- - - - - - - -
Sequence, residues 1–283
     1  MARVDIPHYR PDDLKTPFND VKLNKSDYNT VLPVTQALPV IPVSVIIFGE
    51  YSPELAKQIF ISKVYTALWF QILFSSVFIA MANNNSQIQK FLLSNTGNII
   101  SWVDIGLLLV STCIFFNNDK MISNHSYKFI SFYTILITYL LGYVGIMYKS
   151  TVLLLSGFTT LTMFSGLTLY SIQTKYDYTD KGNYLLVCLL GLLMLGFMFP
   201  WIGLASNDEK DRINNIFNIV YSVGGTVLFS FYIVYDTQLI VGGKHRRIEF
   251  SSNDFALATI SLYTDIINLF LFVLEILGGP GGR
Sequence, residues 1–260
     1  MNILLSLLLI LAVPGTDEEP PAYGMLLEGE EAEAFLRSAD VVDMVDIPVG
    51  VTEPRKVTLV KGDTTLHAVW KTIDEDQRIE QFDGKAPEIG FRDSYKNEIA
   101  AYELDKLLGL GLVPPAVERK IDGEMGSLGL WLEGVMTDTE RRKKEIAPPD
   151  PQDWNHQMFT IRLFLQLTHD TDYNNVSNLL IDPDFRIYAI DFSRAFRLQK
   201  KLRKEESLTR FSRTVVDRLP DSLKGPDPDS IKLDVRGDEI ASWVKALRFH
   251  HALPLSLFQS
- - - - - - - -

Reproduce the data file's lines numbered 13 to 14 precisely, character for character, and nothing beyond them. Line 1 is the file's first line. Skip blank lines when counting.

   201  KLRKEESLTR FSRTVVDRLP DSLKGPDPDS IKLDVRGDEI ASWVKALRFH
   251  HALPLSLFQS